Alfred S. Joseph, Stuart Yudofsky Inducted into Atherton Hall of Fame

[by Cynthia Clegg Canada]

The Atherton High School Alumni Association honored several former students and teachers at their 11th Annual Hall of Fame Banquet on September 27 at Louisville’s Galt House Hotel. Among the inductees into the Atherton Hall of Fame were two members of Louisville’s Jewish community, Fred Joseph and Stuart Yudofsky.

Alfred “Fred” S. Joseph is a former Assistant Common-wealth’s Attorney, Assistant Counsel for the Committee on Judiciary at the U.S. House of Represen-tatives, and Law Clerk for the Office of General Counsel for the Executive Office of the President.

Currently he is in legal practice with Stites & Harbison, PLLC, where he is an expert in real estate law. He is a board member of the Louisville Free Public Library Foundation, the Kentucky Oral History Commission, the Urban Design Studio, and the Camp Nebagamon Scholarship Fund. He has served as president of the Legal Aid Society of Louisville and the Jewish Community Federation of Louisville, and has been a member of a wide range of other community boards related to various community concerns. Nationally, Joseph has served as co-chairman of the Insurance Committee and as a member of the Board of Governors of the American College of Real Estate Lawyers.


Joseph commented on the importance of Atherton High School in his education. He stated that many Atherton graduates have made important contributions to the Louisville community, and inclusion in the hall of fame is a great honor. He particularly appreciates the number of Jewish community members whose encouragement has prompted his involvement in a wide spectrum of community organizations and initiatives in Louisville. He went on to say, “This honor in large part reflects the vital role the Jewish community has played in my life.”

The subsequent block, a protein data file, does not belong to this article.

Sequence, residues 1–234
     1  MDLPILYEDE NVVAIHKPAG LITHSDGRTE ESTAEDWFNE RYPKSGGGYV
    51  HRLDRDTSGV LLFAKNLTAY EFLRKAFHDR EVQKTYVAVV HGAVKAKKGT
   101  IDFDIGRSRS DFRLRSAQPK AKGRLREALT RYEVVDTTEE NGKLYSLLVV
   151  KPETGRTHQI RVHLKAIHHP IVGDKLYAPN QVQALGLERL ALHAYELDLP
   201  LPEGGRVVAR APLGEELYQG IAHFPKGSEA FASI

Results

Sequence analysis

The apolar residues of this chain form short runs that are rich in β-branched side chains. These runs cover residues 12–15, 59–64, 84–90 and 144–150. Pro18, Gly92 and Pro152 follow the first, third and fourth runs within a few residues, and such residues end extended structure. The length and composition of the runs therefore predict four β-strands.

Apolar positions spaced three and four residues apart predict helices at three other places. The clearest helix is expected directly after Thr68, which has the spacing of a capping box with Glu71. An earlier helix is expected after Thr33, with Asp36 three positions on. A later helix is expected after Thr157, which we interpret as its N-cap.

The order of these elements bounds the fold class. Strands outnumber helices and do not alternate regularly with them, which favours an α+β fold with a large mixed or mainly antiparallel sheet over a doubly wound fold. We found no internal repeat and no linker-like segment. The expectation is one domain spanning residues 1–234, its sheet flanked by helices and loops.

Stuart Yudofsky, M.D., was a professor and chair of the Department of Psychiatry at Baylor for more than 20 years and is past chairman of the Department of Psychiatry at Methodist Hospital. He has been chairman of the American Psychiatric Association’s Task Force on Traumatic Brain Injury, is past president of the American Neuropsychiatric Association, and is the founding editor – and for the past 23 years, editor-in-chief – of The Journal of Neuropsychiatry and Clinical Neurosciences.

Yudofsky said that although he has been away since he graduated from Atherton, the Louisville community – especially the Jewish community – has always been a compass point in his self-identity and values. His assessment of his high school years is that, “Atherton was a safe and generous place to be a young person and to form a solid foundation for any accomplishments I’ve made over the succeeding years.”

Both men noted that in many communities, people answer the question, “Where did you go to school?” by naming their college or graduate school. In Louisville, though, the answer is almost invariably the high school one attended – no matter how many additional degrees one may have. More than most places, high school loyalty runs deep here. The contributions of Joseph and Dr. Yudofsky, among others, attest to the far-reaching influence of the high school experience. Coming at an age when young people are defining themselves, the effects of those years can last a lifetime.

Since 2002, Atherton has inducted into their Hall of Fame more than 125 teachers, principals, coaches and former students. The honorees are chosen from nominations of people who graduated from Atherton High School at least 10 years previously. Nominees must meet at least two of the following criteria:
•    Demonstrated outstanding success in academics, athletics or leadership while at Atherton;
•    Demonstrated a recognizable degree of proficiency in academics, athletics or leadership after graduation from Atherton; and
•    Made an outstanding contribution to the students and staff of Atherton as a teacher, coach, administrator or as a member of the community

Previous inductees include such noted alumni as author Sue Grafton, David Grissom, Metro Council member Tom Owen and Congressman John Yarmuth.

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